Juno delivers spectacular Images from first Orbital Flyby of Jupiter

Jupiter’s north pole seen during Juno’s August 27 approach from a distance of around 195,000 Kilometers – Credit: NASA/JPL-Caltech/SwRI/MSSS

NASA’s released spectacular photos on Friday showing planet Jupiter like never seen before, providing a treasure trove to scientists to learn more about the formation of Gas Planets and offering a look deep into the Solar System’s past.

The images were acquired last weekend when the Juno spacecraft made its first orbital pass over Jupiter’s cloud tops, delivering the first-ever high resolution photos of the Gas Giant’s polar regions and close-ups of the planet’s powerful auroral display.

Juno’s 2.6-billion Kilometer journey through the Solar System that started back in August 2011 reached its destination on July 4 when the spinning spacecraft fired its engine to be captured in a highly elongated orbit around Jupiter – taking 53.5 days for one lap around the planet.

Known as the Capture Orbit Phase, Juno will complete a pair of these highly elliptical orbits before spiraling down into a shorter 14-day science orbit in October. These two longer orbits were inserted into the flight profile to provide the Mission Team with time to prepare for Juno’s busy science mission and allow for one close orbital pass to act as a rehearsal for science operations, most of which occur in the six hours centering the closest approach of the spacecraft.



Arrival & Departure – Taken about ten hours apart, these images show Jupiter as Juno approached from 2.3 million Kilometers to 700,000km (upper row) and departed again from 750,000km to 2.5M km. The Great Red Spot is seen roughly in the same position in all images, taken around one Jovian day apart. – Credit: NASA/JPL-Caltech/SwRI/MSSS

Last Saturday, Juno passed within 4,200 Kilometers of Jupiter’s cloud tops, approaching the planet on a north-to-south trajectory to first overfly the north pole, reach its closest distance near the equator and then head back out flying over the south pole.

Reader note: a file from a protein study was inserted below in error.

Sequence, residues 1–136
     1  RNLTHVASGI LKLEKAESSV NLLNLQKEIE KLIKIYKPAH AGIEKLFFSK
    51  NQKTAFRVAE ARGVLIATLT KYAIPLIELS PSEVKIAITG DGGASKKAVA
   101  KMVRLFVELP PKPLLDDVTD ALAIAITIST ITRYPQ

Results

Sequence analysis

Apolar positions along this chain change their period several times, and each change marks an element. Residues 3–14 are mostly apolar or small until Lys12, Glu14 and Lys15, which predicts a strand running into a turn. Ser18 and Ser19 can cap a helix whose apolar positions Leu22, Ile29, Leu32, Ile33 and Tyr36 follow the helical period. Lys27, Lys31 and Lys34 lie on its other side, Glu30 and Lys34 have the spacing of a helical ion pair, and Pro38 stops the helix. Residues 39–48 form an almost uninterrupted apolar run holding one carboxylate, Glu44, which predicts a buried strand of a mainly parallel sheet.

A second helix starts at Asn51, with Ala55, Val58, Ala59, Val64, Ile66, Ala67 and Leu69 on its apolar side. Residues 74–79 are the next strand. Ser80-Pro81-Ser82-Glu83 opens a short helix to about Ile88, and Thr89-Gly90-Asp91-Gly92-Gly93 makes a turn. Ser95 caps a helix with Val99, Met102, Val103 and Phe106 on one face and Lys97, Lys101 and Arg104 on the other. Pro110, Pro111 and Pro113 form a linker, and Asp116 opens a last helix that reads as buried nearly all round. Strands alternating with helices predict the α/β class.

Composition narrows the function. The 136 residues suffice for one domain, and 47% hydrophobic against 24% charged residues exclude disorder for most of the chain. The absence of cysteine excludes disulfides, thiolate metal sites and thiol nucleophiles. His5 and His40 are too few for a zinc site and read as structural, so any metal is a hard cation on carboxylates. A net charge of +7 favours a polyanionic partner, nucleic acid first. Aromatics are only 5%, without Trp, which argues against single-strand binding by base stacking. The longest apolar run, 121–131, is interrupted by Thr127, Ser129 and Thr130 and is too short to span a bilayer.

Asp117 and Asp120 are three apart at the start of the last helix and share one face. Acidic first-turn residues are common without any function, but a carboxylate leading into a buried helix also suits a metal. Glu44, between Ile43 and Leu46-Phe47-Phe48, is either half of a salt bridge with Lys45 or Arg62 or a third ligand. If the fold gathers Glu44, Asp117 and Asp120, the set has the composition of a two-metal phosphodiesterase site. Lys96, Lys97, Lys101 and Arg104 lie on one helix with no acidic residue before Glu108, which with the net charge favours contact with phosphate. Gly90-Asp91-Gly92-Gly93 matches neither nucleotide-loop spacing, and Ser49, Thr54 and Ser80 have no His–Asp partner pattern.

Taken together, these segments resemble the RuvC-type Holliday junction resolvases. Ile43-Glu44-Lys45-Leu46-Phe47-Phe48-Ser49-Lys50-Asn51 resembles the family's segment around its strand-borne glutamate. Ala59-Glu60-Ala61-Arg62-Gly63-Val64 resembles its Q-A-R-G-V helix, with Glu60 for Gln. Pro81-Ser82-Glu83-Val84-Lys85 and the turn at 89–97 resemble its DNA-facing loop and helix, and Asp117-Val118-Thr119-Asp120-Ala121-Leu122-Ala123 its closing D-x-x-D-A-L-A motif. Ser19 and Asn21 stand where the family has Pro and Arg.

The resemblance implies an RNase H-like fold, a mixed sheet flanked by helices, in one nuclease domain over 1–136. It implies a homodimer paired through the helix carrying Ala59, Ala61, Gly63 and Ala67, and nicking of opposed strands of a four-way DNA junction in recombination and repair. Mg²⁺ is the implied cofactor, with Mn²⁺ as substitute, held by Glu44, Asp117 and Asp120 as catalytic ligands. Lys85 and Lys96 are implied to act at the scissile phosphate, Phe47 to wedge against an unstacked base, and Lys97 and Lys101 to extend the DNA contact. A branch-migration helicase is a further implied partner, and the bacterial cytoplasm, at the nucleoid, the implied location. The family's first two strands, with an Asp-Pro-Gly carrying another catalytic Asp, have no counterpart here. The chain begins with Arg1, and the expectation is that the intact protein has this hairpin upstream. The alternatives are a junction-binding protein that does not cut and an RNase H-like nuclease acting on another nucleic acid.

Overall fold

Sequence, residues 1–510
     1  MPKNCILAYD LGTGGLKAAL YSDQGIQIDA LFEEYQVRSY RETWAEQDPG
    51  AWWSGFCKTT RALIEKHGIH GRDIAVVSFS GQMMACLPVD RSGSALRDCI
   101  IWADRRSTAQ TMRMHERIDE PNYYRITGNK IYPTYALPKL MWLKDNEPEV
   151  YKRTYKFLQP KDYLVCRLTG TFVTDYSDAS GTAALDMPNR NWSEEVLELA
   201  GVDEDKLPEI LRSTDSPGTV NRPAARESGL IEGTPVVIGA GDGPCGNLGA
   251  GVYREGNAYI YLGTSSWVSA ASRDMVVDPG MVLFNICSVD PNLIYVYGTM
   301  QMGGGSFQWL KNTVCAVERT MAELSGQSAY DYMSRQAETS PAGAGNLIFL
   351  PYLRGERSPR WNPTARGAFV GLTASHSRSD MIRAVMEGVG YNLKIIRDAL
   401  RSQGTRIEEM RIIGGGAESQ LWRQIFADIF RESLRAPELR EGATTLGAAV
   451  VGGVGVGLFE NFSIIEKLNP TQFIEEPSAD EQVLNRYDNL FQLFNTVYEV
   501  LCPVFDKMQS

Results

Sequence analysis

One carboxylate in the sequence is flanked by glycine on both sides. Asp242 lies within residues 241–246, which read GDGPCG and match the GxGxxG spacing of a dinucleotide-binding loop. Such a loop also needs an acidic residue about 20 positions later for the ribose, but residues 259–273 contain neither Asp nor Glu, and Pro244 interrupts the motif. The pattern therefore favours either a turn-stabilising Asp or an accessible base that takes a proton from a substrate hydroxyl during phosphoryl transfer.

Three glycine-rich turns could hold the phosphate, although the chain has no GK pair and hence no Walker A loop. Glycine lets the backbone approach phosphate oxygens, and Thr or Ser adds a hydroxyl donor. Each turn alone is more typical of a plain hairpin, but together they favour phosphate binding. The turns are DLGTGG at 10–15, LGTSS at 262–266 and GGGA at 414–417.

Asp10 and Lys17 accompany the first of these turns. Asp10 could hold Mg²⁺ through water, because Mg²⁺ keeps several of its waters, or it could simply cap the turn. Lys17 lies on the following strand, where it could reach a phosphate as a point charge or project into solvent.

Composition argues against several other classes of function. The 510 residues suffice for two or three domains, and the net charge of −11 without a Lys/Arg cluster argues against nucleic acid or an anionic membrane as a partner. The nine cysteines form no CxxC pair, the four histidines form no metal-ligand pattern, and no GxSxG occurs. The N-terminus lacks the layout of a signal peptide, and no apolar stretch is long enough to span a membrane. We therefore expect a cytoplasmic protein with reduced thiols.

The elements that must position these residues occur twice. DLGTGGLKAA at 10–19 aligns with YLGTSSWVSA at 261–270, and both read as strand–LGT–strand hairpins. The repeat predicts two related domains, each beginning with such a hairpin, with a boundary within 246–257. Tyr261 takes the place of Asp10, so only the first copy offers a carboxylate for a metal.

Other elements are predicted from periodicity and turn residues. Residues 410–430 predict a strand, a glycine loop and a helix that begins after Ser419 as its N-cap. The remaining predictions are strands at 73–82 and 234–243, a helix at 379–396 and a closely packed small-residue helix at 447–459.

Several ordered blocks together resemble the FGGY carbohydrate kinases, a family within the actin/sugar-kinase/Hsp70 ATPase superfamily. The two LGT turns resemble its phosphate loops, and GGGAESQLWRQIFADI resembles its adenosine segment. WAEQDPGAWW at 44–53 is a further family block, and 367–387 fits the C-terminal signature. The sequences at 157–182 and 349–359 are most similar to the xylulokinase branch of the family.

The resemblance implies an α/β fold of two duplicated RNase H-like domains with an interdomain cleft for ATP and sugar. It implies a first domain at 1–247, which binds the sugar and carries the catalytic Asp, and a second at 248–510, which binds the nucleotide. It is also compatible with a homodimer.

In the process, Juno exercised its eight science instruments to collect spectral data, measure Jupiter’s microwave emissions, monitor energetic particles and their motion along the planet’s magnetic field lines, measure Jupiter’s magnetic field and plasma emissions, and collecting photos with JunoCam, the mission’s sole educational payload.

>>Juno’s Instruments

A single JunoCam photo from a distance of over 700,000 Kilometers was released earlier in the week and NASA delivered on its promise of publishing additional photos later in the week.

Downlinking 6 megabytes of data from the close flyby took one and a half days using NASA’s Deep Space Network.

Scientists were eager to get their hands on the data to get their first look at what Jupiter has to offer while also verifying Juno’s instruments were up and running and ready for 20 months of exploration.

This enhanced photo of Jupiter's north pole, taken from a distance of 78,000km, brings out a boundary between the grayish region closer to the pole (left) and a lighter-toned area to the south. This boundary may be the result of a different in temperature between the atmospheric zone near the pole and toward the equator. The darker region near the pole is littered with storms that will a focus of Juno's scientific mission. - Credit: NASA/JPL-Caltech/SwRI/MSSS
This enhanced photo of Jupiter’s north pole, taken from a distance of 78,000km, brings out a boundary between the grayish region closer to the pole (left) and a lighter-toned area to the south. Credit: NASA/JPL-Caltech/SwRI/MSSS